Breaking: McCain suspends campaign

Announcing that he will return to Washington to work on the financial crisis, John McCain has temporarily suspended his presidential campaign and has called on the organizers of this Friday's foreign policy debate to postpone the event:

I am calling on the president to convene a meeting with the leadership from both houses of Congress, including Senator Obama and myself," McCain told reporters in New York. "It is time for both parties to come together to solve this problem."

Here's the full statement.

No one can fault the senator for getting back to work on the biggest issue facing the country right now, but after the beating he's taken in the polls this week, this is going to be widely interpreted as an attempt to delay the debate until he can regain some surer footing. We'll see if it works.

Update: "The debate is on," says the Obama camp.


Are those really chains of chauvinism keeping Sarah Palin from the press?

Reporters were outraged as they were once again kept from questioning Gov. Sarah Palin during her UN tour yesterday. One voice that rang loud above the flurry was CNN anchor Campbell Brown's "rant" directed at the McCain campaign last night:


In her surprisingly forceful comments that lasted about 90 seconds, Brown began by saying that she'd "had it" and she knew "a lot of other women are with me on this." Then, apparently in defense of Palin, Brown accused the campaign of outright sexism and binding its VP candidate in "chauvanistic chains" rather than letting her face tough questions.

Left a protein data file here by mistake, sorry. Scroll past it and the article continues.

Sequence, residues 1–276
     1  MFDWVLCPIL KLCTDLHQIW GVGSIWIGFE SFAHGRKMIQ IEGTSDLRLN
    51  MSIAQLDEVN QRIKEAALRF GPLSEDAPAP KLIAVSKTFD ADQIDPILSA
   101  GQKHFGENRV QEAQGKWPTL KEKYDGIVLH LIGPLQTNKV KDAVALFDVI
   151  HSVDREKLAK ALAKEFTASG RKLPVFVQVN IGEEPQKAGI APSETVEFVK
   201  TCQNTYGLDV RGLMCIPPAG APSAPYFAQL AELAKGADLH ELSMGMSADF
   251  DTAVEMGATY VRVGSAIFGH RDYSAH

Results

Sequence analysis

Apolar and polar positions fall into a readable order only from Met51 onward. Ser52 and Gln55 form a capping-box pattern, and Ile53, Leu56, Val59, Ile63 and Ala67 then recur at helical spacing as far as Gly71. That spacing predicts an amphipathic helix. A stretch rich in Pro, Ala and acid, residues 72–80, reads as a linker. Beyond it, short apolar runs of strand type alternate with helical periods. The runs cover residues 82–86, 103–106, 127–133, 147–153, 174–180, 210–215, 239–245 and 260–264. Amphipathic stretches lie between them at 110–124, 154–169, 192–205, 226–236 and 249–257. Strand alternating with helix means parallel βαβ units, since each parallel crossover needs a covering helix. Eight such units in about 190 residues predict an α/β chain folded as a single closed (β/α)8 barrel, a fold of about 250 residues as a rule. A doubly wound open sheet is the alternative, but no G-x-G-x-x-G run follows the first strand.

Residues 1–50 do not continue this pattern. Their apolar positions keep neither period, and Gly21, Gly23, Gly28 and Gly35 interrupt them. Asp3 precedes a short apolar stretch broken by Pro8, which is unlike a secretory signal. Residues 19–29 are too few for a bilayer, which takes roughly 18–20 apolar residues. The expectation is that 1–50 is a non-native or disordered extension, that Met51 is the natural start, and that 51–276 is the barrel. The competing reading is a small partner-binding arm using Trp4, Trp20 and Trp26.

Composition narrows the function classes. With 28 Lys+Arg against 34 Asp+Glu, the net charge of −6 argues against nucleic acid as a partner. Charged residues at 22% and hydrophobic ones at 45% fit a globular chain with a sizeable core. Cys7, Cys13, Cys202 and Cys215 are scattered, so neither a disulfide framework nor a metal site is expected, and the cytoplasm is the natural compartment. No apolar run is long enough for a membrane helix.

While I agree with Brown that the McCain campaign has indeed made some insulting sexist judgements about women voters-- like assuming they'd be swayed merely because the Republicans added a woman to their ticket -- I'm reluctant to apply the big "S" word here.

I'm not convinced that the McCain campaign is hiding Palin out of concern that it's got a "delicate flower" to protect. After all, she is its sharp-shooting, moose-hunting, maverick. It's more likely that her handlers are keeping an unprepared candidate out of the spotlight lest she make a whopper of an error, something bigger than the Bush Doctrine misstep.

Bottom line: Brown is voicing valid frustrations shared by voters and journalists alike. With less than six weeks to go before election day, it's time for Palin to have an open dialogue with the press. And an interview with Katie Couric isn't going to suffice.

But what do you think? Has the McCain campaign got Sarah Palin locked down in chauvinist shackles?